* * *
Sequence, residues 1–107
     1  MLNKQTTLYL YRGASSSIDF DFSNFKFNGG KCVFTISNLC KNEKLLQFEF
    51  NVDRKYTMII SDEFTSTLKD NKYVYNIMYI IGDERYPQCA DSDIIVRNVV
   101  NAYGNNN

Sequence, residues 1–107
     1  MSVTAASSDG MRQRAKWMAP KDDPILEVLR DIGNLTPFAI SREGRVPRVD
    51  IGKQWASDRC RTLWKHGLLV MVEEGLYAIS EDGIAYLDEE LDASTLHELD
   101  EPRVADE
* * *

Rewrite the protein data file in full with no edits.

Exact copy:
Sequence, residues 1–107
     1  MLNKQTTLYL YRGASSSIDF DFSNFKFNGG KCVFTISNLC KNEKLLQFEF
    51  NVDRKYTMII SDEFTSTLKD NKYVYNIMYI IGDERYPQCA DSDIIVRNVV
   101  NAYGNNN

Sequence, residues 1–107
     1  MSVTAASSDG MRQRAKWMAP KDDPILEVLR DIGNLTPFAI SREGRVPRVD
    51  IGKQWASDRC RTLWKHGLLV MVEEGLYAIS EDGIAYLDEE LDASTLHELD
   101  EPRVADE